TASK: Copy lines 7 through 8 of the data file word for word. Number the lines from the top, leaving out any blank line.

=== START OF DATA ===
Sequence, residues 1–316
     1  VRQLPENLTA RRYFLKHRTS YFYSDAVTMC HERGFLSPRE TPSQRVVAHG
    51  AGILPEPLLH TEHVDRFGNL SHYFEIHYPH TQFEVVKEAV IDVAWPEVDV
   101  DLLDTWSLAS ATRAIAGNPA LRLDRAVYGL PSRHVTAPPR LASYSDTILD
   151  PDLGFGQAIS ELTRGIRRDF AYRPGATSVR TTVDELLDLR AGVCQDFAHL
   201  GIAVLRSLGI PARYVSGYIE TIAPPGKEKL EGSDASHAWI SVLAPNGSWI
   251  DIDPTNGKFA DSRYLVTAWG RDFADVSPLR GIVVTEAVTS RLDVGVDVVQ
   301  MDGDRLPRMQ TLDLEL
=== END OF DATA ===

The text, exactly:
   251  DIDPTNGKFA DSRYLVTAWG RDFADVSPLR GIVVTEAVTS RLDVGVDVVQ
   301  MDGDRLPRMQ TLDLEL